In this post we specifically discuss usage of JSON Web Tokens (JWT, pronounced “jot”) with OAuth2. JWTs can certainly be used without OAuth2, by utilizing any other authentication method (e.g. Basic Auth over HTTPS), but in this opinionated post we assume OAuth2 is usually a preferred method for performing API client authentication and are mostly interested in how using JWT can improve an OAuth2 implementation.

We further assume that the reader is familiar with OAuth2. If this is not the case, you may want to consult with Alex Bilbie’s wonderful OAuth2 reference.

Shortcomings of OAuth2’s Opaque Bearer Tokens

Various OAuth2 workflows all authenticate API clients and if auth passes, a server issues API client a bearer token. API clients use the bearer token to make subsequent API calls when accessing protected API endpoints.

OAuth2 spec doesn’t define the format of the bearer token or assign it any meaning. In a lot of legacy implementations, bearer token is just a unique string. To validate it (and determine any scopes associated with the token) API endpoint may need to verify the token, provided by a client, using one of two means:

  1. Calling Authorization service and supplying the token. This leads to a network sub-call for every API call.
  2. Assuming API Gateway is always in front of it, validating the token for the API at every request. This approach will usually lead to a data-lookup by the API gateway for each API call.

In the two scenarios, either service itself or the API Gateway are performing a database lookup to validate the token, at every API call. The lookup can be cached, of course. Regardless, we are either sacrificying scalability (server memory used for caching is limited) or speed (network calls can be expensive).

JWT tokens give us a way of validating tokens that use some CPU but do not require any RAM or a network call. Since CPU can easily be scaled horizontally it can be a very interesting solution, in many cases.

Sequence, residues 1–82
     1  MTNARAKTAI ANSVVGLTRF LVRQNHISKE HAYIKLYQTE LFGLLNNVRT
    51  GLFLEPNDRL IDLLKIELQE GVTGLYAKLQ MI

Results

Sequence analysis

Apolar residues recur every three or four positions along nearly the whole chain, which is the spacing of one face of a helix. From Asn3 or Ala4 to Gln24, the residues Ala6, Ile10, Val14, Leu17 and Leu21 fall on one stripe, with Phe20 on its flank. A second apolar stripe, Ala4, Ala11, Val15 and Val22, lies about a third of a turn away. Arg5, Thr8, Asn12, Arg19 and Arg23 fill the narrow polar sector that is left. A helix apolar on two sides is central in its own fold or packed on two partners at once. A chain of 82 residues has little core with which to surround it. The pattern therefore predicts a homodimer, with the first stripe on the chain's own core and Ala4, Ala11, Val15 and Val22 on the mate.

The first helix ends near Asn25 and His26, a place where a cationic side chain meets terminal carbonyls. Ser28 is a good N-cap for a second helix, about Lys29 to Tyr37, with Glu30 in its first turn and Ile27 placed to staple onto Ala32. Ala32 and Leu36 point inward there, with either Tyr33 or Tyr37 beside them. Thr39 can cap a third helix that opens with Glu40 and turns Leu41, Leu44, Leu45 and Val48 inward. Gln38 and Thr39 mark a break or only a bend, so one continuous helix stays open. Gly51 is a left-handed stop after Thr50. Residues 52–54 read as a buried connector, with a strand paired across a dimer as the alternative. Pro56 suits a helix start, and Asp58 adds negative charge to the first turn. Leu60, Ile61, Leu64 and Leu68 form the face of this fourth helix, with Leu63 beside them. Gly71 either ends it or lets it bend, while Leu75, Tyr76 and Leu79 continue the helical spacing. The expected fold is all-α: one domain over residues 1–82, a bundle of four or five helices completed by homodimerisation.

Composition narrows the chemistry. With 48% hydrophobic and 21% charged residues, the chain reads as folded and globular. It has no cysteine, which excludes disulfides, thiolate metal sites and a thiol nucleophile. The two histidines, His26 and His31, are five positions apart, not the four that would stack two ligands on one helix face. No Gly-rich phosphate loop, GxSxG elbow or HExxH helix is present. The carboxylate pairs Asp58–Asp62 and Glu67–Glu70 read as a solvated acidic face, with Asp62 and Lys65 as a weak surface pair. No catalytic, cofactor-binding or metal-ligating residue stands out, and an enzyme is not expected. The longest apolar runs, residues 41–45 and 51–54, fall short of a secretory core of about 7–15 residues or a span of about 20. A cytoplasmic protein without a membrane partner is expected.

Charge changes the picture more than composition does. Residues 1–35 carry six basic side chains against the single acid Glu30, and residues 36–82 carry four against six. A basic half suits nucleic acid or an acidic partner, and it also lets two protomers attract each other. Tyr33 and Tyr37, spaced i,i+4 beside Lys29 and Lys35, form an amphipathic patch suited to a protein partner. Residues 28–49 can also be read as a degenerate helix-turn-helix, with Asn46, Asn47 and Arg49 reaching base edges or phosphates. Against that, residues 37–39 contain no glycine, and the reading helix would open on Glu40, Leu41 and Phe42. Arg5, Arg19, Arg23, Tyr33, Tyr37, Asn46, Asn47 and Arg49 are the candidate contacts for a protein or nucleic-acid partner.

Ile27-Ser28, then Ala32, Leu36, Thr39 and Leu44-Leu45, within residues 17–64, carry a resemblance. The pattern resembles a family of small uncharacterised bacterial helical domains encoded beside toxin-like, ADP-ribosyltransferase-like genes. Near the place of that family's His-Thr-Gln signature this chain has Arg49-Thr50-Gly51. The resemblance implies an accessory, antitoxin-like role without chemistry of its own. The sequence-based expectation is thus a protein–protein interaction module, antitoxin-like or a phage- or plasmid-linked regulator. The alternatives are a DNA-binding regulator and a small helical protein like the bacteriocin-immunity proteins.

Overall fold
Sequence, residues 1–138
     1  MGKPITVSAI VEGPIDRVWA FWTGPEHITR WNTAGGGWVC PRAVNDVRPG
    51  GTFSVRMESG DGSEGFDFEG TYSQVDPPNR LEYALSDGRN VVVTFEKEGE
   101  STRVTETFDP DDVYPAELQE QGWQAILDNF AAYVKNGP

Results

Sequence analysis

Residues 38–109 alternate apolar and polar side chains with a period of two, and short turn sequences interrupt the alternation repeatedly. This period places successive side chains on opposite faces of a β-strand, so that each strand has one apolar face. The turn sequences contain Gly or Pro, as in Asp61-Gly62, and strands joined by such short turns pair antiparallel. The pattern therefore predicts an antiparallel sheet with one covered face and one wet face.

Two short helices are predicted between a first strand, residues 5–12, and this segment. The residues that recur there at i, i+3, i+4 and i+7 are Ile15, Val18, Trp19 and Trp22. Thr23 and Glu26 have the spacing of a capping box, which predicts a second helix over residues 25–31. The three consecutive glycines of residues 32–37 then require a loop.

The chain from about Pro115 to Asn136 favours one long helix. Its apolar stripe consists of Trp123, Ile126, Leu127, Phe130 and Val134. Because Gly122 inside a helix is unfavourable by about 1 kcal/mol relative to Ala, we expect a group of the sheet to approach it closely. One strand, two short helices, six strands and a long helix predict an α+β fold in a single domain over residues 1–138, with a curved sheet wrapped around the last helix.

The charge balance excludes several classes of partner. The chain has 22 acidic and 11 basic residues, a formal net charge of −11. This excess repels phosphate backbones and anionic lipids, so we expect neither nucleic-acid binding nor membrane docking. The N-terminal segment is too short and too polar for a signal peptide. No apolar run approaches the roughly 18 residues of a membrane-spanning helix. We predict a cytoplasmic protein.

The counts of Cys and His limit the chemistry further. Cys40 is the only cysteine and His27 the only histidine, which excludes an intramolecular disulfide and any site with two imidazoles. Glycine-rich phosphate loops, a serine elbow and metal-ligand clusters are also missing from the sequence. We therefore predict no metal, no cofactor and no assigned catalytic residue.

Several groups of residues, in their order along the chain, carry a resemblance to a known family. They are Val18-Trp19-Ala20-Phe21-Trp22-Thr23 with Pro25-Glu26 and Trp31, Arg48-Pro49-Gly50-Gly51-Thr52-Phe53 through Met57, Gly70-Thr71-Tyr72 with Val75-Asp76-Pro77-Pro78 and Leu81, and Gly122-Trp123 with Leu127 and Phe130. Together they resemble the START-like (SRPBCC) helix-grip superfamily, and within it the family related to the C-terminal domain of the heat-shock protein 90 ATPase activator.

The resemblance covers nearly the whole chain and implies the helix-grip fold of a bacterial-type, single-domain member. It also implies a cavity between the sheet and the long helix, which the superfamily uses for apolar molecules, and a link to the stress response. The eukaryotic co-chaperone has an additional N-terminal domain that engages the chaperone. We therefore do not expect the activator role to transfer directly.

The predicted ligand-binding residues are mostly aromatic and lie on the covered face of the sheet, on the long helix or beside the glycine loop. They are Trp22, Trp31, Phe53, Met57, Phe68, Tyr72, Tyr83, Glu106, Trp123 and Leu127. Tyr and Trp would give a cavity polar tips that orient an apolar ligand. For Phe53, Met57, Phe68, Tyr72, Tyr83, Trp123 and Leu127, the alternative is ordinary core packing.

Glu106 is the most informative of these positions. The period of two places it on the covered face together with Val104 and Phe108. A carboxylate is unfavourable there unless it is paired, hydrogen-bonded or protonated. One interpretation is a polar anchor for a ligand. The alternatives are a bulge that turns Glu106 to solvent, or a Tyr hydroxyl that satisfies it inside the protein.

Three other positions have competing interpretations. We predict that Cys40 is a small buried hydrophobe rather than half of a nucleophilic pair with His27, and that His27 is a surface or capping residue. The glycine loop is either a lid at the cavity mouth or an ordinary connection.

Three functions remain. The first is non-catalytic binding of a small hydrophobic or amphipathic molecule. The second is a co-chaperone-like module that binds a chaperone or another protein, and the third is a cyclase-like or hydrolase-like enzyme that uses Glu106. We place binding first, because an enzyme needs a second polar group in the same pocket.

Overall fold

Using JWT for Token Validation

Instead of a opaque string, a bearer token can be a JSON Web Token (JWT). A JWT is basically a base64-encoded JSON object represented as a string of characters. Since the token is actually a JSON object, it can carry all kinds of information (“claims”). Specifically, JWT can carry such “claims” as: authenticated client_id of the API caller and all OAuth2 scopes associated with the client_id.

How can we trust that information in JWT is valid and a client is not claiming something it is not authorized for, or pretending to be someone else? We can trust this because JWT tokens are cryptographically signed.

To be very clear: JWT tokens are not encrypted! A JWT can be decoded by anybody. Which means: you should never include private information in it, i.e. never encode passwords or secrets in a JWT! However you can verify whether JWT is properly signed by an OAuth2 server. This can be done in two ways:

  1. Using a shared secret key (symmetric approach)
  2. Using private/public key combo (assymetric approach).

The latter is preferred. In the assymetric approach, OAuth2 Authorization Server signs JWT token with a private key. All your API endpoints can possess corresponding public key (which is not secret and can be widely distributed). Using the public key, API endpoints can verify that the JWT was indeed issued by a trusted authentication server (e.g. OAuth2 server) and therefore claims in the token (the JSON object) can be trusted as made by the authorized server.

As you may have already guessed, the huge benefit of the JWT approach is its scalability: an API endpoint verifying the JWT only needs to posess proper public key, but doesn’t need to look anything up in a data storage or use memory to cache lookups. Furthermore, public keys are not secrets and don’t need to be secured in any special way, making logistics of the verification easy.